A PLACE FOR THE EVANGELISTS

Edward also observed that:

“Today (July 23, 1854) the figures of the four evangelists were all fixed up in their places.”   

The statues of the four evangelists, St. Matthew, St. Mark, St. Luke andSt. John are located some thirty feet above the floor  of  the Cathedral. These are of Italian workmanship. They are of marble and are slightly larger than life-size. Each evangelist is shown with his appropriate symbol: St. Matthew with a child; St. Mark with a lion; St. Luke with an ox; and St. John with an eagle.

A PLACE FOR THE NUNS

It was not only the evangelists that found their place in the Cathedral on July 23, 1854. Mr. Morris also noted:

“And the nuns (Presentation Sisters)  for the first time occupied the gallery appropriated to them behind the high altar.”

The  gallery is now  situated  behind a grilled window set in the east wall of the apse. From the small room behind this window, the Sisters of the Presentation can participate in the Parish Masses.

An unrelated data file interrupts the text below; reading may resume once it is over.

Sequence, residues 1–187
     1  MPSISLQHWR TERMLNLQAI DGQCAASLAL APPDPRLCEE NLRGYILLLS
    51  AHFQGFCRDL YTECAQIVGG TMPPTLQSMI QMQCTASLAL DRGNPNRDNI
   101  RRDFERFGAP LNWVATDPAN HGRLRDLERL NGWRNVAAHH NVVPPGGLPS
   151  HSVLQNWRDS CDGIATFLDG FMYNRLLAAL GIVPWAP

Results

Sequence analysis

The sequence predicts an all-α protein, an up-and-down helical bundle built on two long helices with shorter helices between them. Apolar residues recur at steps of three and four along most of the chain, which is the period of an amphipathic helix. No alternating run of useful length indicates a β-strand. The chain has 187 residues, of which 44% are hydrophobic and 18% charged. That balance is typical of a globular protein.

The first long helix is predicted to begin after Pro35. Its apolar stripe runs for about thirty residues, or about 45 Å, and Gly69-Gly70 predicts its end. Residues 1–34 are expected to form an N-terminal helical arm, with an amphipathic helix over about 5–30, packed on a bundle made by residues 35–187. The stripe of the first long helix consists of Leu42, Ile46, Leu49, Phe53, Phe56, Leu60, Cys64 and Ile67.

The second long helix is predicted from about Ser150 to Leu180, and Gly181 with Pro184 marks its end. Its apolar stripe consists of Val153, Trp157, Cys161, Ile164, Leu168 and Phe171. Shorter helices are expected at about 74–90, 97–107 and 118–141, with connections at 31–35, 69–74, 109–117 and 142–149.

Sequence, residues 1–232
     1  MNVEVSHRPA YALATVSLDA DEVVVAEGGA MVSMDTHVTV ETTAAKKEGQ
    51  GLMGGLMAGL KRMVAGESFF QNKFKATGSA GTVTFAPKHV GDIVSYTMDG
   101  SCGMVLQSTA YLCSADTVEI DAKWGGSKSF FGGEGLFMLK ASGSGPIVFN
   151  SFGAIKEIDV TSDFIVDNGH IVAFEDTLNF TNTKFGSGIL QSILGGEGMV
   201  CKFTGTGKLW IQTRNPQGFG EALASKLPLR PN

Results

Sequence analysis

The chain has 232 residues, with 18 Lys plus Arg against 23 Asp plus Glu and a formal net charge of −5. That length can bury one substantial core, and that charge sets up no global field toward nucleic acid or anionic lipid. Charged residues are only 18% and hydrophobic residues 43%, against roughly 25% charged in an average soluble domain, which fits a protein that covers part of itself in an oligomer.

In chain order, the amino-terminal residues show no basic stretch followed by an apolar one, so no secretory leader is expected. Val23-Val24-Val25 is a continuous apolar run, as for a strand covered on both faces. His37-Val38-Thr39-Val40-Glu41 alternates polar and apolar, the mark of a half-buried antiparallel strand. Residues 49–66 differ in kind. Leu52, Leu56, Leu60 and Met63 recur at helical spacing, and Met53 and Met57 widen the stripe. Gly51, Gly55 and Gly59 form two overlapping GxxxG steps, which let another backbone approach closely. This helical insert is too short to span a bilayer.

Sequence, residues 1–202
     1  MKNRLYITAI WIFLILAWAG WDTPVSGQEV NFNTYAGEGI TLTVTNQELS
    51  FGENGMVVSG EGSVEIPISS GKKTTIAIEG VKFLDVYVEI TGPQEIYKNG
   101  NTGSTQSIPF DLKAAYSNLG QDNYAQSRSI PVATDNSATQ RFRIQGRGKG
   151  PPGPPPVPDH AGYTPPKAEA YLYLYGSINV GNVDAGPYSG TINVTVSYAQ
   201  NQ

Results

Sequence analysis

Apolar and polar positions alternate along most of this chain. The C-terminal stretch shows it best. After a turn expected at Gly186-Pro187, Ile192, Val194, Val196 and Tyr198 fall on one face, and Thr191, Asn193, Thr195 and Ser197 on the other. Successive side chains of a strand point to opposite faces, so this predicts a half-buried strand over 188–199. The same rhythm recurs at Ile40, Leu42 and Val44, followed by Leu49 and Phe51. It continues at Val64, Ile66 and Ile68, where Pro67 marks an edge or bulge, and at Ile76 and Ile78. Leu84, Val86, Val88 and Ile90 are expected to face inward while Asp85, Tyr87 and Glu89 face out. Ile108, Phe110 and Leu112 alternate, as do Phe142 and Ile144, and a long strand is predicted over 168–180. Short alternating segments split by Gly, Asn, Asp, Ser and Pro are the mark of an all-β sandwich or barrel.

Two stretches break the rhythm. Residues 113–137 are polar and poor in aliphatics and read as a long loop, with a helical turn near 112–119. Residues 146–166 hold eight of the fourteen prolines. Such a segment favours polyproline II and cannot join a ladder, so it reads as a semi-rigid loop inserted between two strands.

Recommenced Reading; Biographical Sketch on Edward Morris:  http://www.biographi.ca/009004-119.01-e.php?BioId=39843

Recommended Archival Collection:   At the Archives of the R.C. Archdiocese: The Edward Morris Diaries:  Edward Morris was a businessman, politician, and office-holder; born in 1813 in Waterford (Republic of Ireland), son of Simon Morris. In  1852  Edward married Katherine Howley ofSt  John’s.

Recommended Virtual Exhibit: From Cornerstone to Cathedral- History of the Basilica Cathedral, St. John’s.  http://www.museevirtuel-virtualmuseum.ca/sgc-cms/expositions-exhibitions/basilique-basilica/en/index.html

“Unite the old world and the new”

Subscribers to the St. John’s newspaper, The Courier on  (November 8, 1850) read about the feasibility of an underwater electric cable running from Ireland to Newfoundland. The letter to the Editor read:

“I hope the day is not far distant when St. John’s will be the first link in the electric chain which will unite the Old World and the New.”